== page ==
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Review of An Idle Woman by Wendy Parkins

When 18-year-old Frances Dickenson impulsively marries Lieutenant John Geils, what started as a wind-swept courtship unravels into a cruel and violent relationship as Frances finds herself gaslit and manipulated, separated from her family and locked away on an estate fearing not just for her life, but the lives of her children. 

England, 1838. Finding her strength and voice during a time when women were seen as the property of men, we follow Frances as she is put on trial... A divorce trial. As An Idle Woman unfolds, we have front row seats as Frances is expected to hand over her children, or basically kidnap them, at the risk of having everything taken from her by her husband. It’s quite horrifying, and you can’t help but feel immediately sympathetic towards Frances and her ordeal, something I felt strongly as a woman and mother myself.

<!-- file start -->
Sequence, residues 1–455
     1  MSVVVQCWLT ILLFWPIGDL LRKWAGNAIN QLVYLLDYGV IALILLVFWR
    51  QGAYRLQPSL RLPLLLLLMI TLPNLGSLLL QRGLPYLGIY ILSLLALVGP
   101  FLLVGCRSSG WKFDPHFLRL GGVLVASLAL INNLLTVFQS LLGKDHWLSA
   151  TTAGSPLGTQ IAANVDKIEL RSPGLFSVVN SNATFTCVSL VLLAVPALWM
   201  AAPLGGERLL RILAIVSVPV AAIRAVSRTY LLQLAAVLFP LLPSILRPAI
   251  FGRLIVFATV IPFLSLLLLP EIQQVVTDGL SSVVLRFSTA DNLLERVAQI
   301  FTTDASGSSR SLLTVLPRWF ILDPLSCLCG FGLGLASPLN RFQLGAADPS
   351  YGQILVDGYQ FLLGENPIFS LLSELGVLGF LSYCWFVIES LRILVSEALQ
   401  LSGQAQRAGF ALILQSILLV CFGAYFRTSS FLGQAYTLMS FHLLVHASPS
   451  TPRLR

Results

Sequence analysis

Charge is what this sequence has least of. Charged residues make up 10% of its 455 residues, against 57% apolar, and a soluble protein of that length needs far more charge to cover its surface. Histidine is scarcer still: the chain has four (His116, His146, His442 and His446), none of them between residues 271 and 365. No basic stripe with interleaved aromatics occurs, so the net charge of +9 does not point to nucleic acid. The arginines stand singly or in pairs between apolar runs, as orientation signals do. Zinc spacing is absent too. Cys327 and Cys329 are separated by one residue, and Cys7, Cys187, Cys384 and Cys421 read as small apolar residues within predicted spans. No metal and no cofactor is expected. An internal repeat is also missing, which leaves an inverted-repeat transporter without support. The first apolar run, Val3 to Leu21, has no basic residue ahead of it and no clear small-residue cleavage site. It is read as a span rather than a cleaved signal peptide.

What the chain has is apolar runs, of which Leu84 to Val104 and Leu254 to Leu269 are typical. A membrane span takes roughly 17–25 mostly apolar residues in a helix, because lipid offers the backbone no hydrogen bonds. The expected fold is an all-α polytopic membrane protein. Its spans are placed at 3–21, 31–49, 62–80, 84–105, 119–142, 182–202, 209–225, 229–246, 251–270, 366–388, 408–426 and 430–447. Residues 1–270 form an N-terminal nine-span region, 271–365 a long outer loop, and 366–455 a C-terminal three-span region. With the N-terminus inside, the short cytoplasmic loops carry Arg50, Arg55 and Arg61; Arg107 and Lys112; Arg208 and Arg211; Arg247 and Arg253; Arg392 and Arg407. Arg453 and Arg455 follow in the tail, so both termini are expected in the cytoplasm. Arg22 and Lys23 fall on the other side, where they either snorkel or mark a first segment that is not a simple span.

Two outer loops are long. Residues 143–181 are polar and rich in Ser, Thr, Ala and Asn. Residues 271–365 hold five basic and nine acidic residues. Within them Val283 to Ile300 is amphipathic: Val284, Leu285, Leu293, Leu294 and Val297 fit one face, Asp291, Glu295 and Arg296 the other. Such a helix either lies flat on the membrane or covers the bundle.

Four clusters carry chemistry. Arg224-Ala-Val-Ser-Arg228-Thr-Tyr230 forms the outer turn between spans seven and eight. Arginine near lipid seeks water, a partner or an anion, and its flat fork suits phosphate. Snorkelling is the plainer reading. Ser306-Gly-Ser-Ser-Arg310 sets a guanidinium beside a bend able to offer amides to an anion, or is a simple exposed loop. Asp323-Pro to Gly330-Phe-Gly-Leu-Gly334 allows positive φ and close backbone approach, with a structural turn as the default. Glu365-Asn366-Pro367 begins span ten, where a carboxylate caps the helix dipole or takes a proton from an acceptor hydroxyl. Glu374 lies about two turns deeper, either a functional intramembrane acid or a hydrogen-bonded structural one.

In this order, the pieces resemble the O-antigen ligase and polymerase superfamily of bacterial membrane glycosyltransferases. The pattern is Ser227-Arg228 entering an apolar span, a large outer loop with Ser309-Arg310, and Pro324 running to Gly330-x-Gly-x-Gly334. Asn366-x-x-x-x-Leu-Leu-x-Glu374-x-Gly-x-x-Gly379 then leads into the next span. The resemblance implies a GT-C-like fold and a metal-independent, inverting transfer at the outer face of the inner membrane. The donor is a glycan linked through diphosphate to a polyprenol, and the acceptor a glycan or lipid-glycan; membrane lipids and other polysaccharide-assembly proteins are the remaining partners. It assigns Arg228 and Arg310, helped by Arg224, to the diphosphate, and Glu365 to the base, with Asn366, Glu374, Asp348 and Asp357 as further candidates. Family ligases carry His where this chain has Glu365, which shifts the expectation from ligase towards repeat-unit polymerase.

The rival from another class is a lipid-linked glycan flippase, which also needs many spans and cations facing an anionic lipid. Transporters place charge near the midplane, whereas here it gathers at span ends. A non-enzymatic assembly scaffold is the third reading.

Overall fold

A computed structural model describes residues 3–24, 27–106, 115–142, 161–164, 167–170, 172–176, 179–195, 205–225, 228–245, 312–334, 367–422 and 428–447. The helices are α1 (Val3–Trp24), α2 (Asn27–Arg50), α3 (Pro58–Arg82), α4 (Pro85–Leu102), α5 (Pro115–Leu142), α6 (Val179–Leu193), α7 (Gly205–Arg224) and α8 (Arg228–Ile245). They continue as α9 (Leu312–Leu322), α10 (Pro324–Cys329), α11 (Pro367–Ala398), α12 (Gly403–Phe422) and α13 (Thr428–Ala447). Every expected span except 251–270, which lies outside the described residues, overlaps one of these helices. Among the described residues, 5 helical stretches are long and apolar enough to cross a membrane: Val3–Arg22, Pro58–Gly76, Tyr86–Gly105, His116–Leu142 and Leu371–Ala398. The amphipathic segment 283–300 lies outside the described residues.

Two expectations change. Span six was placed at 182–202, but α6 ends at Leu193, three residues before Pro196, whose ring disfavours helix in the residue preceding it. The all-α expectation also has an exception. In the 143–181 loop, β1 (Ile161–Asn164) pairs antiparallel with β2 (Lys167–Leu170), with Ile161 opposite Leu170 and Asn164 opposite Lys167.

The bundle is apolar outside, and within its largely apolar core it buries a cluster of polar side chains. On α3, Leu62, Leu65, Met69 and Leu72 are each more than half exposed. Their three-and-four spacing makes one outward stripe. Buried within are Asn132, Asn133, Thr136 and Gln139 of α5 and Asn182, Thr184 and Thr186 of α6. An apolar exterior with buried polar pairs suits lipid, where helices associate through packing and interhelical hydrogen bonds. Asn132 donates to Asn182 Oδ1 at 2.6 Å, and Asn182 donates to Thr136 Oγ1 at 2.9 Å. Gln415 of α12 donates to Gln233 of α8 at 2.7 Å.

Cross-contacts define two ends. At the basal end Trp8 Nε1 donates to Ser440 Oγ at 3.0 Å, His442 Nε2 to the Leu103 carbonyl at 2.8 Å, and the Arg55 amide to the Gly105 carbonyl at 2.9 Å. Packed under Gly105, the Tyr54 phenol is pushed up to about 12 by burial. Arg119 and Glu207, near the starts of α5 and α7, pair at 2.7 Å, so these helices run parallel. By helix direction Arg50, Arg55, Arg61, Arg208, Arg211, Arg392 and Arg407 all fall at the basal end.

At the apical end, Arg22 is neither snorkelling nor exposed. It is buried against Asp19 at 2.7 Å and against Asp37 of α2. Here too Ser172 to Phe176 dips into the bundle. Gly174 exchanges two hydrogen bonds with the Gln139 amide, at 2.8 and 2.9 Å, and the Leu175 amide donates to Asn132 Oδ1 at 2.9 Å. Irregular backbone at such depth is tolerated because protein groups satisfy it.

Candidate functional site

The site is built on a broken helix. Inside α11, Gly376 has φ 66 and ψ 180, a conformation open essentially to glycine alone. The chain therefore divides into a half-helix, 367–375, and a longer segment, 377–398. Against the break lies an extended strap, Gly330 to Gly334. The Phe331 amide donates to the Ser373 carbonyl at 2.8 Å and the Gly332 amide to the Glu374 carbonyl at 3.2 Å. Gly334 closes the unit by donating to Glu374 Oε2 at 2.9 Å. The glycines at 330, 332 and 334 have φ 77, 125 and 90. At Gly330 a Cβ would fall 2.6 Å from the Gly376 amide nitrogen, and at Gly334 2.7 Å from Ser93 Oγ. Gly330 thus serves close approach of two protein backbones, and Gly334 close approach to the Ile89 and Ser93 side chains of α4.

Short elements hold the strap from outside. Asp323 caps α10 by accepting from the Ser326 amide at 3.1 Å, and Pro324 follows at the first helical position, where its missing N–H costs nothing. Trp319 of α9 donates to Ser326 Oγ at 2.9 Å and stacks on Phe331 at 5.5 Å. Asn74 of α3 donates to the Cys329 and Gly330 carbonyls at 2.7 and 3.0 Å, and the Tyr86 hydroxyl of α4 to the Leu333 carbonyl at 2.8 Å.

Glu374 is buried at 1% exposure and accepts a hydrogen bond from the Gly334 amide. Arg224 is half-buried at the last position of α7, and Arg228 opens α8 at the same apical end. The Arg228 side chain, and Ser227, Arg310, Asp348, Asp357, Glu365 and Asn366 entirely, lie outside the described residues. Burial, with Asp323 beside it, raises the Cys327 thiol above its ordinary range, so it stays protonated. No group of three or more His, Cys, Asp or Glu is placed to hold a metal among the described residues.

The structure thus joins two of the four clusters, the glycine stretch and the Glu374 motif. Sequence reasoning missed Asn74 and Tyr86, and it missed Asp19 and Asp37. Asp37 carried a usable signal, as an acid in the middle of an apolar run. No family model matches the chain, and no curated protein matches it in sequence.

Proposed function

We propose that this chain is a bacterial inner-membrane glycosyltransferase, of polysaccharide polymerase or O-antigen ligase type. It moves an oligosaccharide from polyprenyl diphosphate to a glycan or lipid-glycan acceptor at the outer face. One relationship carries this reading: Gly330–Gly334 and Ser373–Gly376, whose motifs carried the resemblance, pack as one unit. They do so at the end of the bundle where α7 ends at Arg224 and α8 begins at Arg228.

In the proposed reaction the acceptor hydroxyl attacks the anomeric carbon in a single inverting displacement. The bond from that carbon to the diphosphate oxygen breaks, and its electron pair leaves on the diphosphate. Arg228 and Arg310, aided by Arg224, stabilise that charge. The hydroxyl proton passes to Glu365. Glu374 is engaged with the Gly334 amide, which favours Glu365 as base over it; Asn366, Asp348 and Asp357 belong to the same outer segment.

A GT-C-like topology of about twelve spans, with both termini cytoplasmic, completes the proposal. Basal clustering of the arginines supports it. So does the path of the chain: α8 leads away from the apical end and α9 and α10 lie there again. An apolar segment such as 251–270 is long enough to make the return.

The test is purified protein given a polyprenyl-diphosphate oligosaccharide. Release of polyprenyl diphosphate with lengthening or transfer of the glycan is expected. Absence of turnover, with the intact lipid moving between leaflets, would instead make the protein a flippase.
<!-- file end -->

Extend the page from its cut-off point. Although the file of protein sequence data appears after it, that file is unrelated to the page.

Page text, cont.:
With aspects of her writing that can be found in classical literary fiction, such as Rebecca and The Yellow Wallpaper, An Idle Woman is an incredibly hard-hitting and powerful novel that will have you feeling sad, rage-filled, and, dare I say, inspired by Frances’ strength. 

*An Idle Woman is inspired by true events

Review by Danielle.

An Idle Woman was published on 14/06/24 by Legend Press.



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